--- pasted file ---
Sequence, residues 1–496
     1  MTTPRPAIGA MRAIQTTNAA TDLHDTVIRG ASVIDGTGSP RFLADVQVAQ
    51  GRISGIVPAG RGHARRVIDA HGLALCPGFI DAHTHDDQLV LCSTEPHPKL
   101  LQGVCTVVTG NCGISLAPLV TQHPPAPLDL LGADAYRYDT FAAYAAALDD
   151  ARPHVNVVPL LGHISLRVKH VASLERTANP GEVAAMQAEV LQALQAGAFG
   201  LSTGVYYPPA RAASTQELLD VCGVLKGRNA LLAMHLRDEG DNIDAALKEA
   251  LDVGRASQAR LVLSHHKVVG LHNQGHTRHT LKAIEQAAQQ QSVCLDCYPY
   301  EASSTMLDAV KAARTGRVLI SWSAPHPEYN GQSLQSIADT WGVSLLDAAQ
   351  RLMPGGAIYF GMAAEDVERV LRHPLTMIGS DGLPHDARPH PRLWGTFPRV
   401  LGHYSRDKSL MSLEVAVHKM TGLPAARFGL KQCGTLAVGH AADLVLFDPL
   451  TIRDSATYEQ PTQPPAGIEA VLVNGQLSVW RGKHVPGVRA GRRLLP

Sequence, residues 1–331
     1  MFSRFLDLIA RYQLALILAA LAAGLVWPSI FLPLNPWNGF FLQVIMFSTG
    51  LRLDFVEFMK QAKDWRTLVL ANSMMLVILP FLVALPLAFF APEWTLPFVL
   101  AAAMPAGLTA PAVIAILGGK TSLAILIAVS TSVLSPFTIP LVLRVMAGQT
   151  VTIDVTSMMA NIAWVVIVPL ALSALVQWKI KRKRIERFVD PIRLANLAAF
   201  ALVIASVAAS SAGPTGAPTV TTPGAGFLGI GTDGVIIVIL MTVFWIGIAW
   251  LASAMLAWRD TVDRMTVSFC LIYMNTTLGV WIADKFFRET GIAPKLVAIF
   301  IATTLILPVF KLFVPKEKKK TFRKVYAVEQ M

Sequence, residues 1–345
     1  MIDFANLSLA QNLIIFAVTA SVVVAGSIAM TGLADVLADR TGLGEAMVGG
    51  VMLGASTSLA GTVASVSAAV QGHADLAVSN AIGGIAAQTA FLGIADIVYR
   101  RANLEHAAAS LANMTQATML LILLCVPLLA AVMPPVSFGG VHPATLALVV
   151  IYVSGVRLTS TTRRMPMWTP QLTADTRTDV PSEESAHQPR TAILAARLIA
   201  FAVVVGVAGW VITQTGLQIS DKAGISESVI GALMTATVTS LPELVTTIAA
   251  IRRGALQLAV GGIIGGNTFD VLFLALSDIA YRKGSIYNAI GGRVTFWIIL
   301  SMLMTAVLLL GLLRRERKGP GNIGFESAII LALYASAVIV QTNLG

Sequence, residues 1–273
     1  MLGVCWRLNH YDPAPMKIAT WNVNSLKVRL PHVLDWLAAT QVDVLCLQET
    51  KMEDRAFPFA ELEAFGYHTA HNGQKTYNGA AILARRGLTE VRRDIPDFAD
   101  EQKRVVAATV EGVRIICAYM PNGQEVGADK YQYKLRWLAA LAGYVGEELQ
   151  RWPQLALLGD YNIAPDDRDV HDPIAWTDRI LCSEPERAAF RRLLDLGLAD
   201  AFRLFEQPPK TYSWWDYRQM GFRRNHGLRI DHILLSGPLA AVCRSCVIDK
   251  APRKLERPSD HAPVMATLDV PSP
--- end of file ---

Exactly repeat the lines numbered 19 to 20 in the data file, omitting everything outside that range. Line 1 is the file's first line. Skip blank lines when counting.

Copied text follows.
   301  IATTLILPVF KLFVPKEKKK TFRKVYAVEQ M

Sequence, residues 1–345